Guarantor Analysis and the Second Way Out
Q: What was the answer for Poll Question 1?
A: Poll Question 1 is as follows:
"If all personal financial transactions were recorded on the historical cost basis, it would be possible to construct a complete personal cash flow statement."
The correct response is “Agree”.
If all personal financial transactions were recorded on the historic cost basis, it would be possible to construct a complete personal cash flow statement. With complete historic cost information – information about the actual amount paid for an asset – we could calculate fixed asset and investment spending. We cannot do so when a guarantor reports market value for personal assets, which is his or her estimate of the current value of the asset rather than the original acquisition price.
Q: How did you get $319,870 for cash from the Schedule K-1 issued by Total Coverage, Inc.?
A: The $319,870 is the sum of $252,616 of distributions and $67,254 of loans to the owner. The information about distributions came from Line 16D in Part III of the Schedule K-1 and the loan to the owner came from the company's balance sheet and not from Schedule K-1. Schedule K-1 does not capture loans to owners, but it will capture loan repayments by the company to owners who have provided loans to the company.
Q: Don't the Schedules K-1 themselves come from the company? The distributions are not shown on the personal income tax returns.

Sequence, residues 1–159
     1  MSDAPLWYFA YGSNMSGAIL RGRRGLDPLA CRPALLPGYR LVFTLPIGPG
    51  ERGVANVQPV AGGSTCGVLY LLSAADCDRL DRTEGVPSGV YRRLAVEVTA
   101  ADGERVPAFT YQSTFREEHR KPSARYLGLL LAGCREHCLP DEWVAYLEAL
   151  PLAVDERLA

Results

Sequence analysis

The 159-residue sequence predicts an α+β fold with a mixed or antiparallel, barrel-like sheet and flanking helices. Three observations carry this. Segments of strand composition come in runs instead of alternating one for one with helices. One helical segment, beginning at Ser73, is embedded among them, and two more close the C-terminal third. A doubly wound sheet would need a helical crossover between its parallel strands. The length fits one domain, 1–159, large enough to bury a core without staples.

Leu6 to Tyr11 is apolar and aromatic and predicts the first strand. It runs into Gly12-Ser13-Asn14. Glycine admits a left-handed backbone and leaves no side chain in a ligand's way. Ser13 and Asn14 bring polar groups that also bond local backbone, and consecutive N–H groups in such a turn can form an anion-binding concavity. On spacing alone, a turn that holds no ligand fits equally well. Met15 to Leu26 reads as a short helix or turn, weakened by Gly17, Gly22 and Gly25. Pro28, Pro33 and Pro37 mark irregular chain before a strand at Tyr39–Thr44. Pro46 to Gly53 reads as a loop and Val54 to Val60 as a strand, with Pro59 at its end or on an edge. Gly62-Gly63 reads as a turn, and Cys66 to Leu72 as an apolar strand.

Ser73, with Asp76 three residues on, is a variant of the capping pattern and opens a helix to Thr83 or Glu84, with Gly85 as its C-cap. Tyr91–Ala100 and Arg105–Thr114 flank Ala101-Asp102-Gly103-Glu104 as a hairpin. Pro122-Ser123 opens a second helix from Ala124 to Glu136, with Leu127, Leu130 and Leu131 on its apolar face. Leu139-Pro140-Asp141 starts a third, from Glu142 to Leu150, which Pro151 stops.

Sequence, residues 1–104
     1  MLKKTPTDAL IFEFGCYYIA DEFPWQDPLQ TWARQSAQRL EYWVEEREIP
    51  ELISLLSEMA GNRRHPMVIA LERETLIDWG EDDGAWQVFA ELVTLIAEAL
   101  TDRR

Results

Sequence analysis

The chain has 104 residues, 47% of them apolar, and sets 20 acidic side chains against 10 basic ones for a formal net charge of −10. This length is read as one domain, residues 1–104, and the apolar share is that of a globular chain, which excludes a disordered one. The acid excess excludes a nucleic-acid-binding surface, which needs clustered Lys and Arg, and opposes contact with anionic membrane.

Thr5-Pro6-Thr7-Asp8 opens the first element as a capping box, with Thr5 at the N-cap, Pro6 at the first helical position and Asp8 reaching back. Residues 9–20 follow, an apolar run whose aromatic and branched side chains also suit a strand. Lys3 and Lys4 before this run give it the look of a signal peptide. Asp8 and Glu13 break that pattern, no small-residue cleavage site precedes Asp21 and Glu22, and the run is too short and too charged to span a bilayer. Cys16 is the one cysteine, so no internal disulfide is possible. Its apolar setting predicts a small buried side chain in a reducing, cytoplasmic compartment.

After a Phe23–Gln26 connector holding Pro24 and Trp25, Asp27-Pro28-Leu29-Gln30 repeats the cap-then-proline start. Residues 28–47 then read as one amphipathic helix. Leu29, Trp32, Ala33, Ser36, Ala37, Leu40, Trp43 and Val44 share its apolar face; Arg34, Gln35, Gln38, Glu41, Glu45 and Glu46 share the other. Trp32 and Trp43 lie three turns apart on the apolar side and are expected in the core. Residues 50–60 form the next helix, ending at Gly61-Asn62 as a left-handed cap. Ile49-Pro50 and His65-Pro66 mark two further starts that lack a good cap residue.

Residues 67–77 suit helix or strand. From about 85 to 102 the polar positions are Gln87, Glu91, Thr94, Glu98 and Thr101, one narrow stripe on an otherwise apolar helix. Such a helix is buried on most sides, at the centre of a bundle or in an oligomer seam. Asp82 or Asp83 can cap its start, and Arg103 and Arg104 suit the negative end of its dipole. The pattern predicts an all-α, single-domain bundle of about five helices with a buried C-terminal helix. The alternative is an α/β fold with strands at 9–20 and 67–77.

A: Yes. The company issues a Schedule K-1 to each of its owners. The owners use the Schedules K-1 in preparing their personal income tax returns. Distributions are not taxable income to owners, and they are not recorded on the personal income tax returns of owners. Owners report their share of the company's taxable income on Form 1040, such as their share of ordinary business income, their share of interest income, and so forth. Distributions play no role in the preparation of personal income tax returns.
Note, too, that a Schedule K-1 is not part of a personal income tax filing. Lenders must always ask specifically for all Schedules K-1 when asking for personal income tax returns.
Q: With respect to the cash value of life insurance, do we consider it as an immediate source of funds from the partner to support the company during a business cash flow crisis?
A: The insured party can usually receive the cash surrender value of a policy within five days of making a request. The exact timing will depend on the insurance company's rules, regulations, procedures, and provisions in the insurance policy about withdrawing cash value from a policy, but the cash surrender value does represent ready cash as we use the term.
Whole life insurance policies are the most common type of insurance policies that accumulate increasing cash value over time.
Q: Is '"cash value of life insurance" considered available liquid personal assets?
A: Yes. As stated above, the cash surrender value does represent ready cash as we use the term.